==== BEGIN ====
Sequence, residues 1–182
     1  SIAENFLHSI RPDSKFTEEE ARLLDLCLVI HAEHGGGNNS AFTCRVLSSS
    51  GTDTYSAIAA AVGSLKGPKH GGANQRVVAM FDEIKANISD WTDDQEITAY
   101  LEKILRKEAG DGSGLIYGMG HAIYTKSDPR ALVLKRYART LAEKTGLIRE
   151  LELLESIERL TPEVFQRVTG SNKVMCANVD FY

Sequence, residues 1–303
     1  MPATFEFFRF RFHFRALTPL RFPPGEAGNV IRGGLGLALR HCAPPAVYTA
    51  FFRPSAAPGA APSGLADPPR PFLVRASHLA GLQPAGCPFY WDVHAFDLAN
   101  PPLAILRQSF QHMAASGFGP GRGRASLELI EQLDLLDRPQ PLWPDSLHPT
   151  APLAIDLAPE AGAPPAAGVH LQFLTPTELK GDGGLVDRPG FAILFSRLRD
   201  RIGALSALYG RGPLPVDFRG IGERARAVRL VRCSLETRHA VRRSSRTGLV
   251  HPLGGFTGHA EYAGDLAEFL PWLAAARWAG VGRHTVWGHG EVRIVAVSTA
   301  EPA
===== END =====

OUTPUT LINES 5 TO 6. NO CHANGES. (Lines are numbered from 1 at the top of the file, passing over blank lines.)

   151  LELLESIERL TPEVFQRVTG SNKVMCANVD FY

Sequence, residues 1–303